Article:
ATMs Hatch Plans to Bombard Their Captive Audiences with Ads

Article excerpt

Coming to an automatic teller machine near you sometime next year: advertising.

Several companies are working on placing both full-motion and still-frame advertising on automatic teller machines while you're waiting for your money to spit out.

One company, ATM Communications Inc. in Long Beach, Calif., is conducting tests with still-frame advertisements in Atlanta. BellSouth, Fountain Head Water and 1-800 Flowers have already signed up to appear on the ATMs.

While advertising on ATMs is still in a development phase, the concept has many in the industry wondering why it hasn't happened sooner. The average ATM conducts 7,600 transactions a month, according to ATM Communications, and the advertisements feast upon a captive audience that beats national averages for annual income and education levels.

"People are getting impressions and making decisions with money in their hand," said Gary Osterberg, president of ATM Communications. "It's a branding vehicle plus a call to action."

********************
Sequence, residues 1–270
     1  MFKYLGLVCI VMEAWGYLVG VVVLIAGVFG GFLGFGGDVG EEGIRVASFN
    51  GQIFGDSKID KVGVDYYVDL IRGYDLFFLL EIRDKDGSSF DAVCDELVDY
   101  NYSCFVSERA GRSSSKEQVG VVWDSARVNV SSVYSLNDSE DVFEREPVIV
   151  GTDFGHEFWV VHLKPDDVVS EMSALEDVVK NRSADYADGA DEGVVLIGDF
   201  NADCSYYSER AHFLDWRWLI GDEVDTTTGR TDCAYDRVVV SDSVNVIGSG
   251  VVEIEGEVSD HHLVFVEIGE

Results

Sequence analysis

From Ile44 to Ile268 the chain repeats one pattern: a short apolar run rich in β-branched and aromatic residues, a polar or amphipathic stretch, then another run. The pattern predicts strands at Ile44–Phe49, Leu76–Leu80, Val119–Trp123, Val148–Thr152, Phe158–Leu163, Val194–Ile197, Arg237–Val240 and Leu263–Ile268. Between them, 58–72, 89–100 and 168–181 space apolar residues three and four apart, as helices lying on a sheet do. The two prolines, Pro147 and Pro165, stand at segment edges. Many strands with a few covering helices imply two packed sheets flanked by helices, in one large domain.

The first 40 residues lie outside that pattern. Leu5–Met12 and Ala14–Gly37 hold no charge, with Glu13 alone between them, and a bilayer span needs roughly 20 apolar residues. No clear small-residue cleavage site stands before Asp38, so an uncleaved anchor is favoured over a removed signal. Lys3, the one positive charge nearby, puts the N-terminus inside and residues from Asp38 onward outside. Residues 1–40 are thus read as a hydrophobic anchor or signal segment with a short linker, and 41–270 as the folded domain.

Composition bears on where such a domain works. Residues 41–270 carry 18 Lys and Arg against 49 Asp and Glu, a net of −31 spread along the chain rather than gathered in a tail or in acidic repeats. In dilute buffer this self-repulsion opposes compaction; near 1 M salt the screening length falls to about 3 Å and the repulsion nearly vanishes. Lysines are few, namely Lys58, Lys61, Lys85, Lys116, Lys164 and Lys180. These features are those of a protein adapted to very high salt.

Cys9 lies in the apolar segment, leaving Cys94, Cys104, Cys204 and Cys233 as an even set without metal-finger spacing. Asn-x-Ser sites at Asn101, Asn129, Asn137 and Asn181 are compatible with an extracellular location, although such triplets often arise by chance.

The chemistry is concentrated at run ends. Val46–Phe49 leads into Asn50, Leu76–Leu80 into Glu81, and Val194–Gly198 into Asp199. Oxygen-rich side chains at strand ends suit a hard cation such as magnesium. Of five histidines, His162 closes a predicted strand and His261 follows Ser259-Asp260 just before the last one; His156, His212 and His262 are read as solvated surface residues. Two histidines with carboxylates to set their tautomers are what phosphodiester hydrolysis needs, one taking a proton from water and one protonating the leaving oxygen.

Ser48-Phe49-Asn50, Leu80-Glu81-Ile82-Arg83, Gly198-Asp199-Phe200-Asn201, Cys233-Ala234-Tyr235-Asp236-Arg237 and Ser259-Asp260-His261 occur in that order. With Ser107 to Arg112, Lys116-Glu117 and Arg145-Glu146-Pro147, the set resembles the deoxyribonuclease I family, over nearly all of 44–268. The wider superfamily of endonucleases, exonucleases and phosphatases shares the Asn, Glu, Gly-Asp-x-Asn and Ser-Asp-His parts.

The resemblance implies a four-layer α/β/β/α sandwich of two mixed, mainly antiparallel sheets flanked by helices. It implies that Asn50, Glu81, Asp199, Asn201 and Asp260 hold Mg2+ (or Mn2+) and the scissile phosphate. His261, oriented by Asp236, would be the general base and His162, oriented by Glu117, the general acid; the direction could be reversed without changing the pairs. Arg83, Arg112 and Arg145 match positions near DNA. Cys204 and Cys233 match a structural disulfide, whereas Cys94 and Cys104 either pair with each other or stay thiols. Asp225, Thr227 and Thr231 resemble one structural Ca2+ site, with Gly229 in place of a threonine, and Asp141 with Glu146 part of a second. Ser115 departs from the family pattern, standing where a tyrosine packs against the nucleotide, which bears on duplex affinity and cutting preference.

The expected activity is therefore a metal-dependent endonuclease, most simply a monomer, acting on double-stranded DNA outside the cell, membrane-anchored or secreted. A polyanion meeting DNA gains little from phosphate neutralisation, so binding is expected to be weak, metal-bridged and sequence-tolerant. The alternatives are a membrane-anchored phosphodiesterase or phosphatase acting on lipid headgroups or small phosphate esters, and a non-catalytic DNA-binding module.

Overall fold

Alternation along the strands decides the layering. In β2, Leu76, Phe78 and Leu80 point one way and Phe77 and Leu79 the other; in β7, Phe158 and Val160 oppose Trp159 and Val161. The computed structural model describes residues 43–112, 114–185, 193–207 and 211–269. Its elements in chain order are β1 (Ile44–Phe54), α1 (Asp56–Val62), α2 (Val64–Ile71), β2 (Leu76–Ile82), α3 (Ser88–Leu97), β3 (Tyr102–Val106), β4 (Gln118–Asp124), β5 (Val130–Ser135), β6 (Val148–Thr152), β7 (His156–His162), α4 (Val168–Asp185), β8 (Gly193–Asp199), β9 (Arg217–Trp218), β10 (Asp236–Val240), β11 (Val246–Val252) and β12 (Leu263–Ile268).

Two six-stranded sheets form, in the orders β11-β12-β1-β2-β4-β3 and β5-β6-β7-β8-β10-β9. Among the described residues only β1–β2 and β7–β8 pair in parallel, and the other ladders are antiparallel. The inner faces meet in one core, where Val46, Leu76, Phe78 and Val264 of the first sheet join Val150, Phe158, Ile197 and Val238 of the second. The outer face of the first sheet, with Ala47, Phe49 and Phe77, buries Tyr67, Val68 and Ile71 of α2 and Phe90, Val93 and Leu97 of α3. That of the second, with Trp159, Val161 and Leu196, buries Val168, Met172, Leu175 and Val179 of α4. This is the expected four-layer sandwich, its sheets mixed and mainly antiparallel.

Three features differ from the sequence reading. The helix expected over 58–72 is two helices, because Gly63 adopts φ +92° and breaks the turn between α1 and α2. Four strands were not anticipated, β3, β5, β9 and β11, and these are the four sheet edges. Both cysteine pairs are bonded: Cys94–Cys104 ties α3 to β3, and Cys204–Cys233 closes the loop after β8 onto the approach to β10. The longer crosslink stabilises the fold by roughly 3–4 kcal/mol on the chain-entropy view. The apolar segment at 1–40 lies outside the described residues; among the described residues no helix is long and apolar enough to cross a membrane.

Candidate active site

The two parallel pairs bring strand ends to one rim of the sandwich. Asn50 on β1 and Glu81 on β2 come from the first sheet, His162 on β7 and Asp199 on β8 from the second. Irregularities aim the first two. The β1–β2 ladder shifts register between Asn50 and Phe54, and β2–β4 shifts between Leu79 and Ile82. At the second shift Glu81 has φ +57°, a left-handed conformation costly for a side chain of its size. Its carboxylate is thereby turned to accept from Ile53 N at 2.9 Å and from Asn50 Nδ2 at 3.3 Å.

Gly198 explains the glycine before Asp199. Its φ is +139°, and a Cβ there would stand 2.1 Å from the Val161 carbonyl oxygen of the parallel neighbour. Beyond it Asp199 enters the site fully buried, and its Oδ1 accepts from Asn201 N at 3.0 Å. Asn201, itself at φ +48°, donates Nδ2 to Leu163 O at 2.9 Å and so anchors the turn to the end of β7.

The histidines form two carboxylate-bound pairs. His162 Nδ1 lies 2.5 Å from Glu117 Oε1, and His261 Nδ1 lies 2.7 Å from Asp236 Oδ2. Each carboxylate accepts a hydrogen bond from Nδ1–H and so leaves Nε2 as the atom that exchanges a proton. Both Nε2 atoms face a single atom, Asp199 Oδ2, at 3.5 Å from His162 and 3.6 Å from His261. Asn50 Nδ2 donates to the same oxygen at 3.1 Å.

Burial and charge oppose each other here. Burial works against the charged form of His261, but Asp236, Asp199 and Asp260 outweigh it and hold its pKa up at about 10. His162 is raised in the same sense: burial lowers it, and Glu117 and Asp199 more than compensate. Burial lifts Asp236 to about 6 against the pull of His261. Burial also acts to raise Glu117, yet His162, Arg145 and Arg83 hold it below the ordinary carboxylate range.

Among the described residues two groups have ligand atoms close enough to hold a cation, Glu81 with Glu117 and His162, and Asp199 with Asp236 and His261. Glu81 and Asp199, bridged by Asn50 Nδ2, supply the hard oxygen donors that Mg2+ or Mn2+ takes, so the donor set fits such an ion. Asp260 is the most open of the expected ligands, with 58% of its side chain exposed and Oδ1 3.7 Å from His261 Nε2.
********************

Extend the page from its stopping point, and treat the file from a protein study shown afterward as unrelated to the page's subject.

The company intends to expand the ATM advertising south into Florida this winter and back up the East Coast next year.

The new form of advertising is already winning over sponsors, with retailers, restaurants and entertainment purveyors standing to benefit best.

"We've been pleased, but it's too soon to tell," if the company will take on the medium full time, said Molly Ingram, director of promotion for 1-800 Flowers. "There are sorts of places where consumers are paying attention - we're finding more all the time. This looks like a natural. It's kind of like the old bus stop."

Electronic Data Systems, a large Plano, Texas, owner and operator of ATMs, is also in a testing phase, and already has full-motion advertising from Fox Searchlight Pictures and Nissan in ATMs in San Diego 7-11 stores.

"This will revolutionize the business model for owning an ATM," said Dale Dentlinger, director of product management for EDS's customer network services.

EDS' immediate expansion plans include New York, Los Angeles and Chicago. While no entry date for Washington is set, the company was in town two weeks ago talking to representatives from Giant Food.


The District-based Communication Workers of America and The Washington Post Co. have been at an impasse for months on benefits for the paper's mailers and sorters. Taking a page from the celebrity-impersonating Jerry's Subs and Pizza, the CWA has enlisted a John McLaughlin sound-alike for its latest round of anti-Post radio ads.

The radio ads, running on WTOP-AM, WMAL-AM, WGMS-FM, and other stations, feature a "McLaughlin Group"-style roundtable discussion, ending with the McLaughlin sound-alike goading his panel to say "The Post just doesn't get it," a take on the Post's well-known tagline. …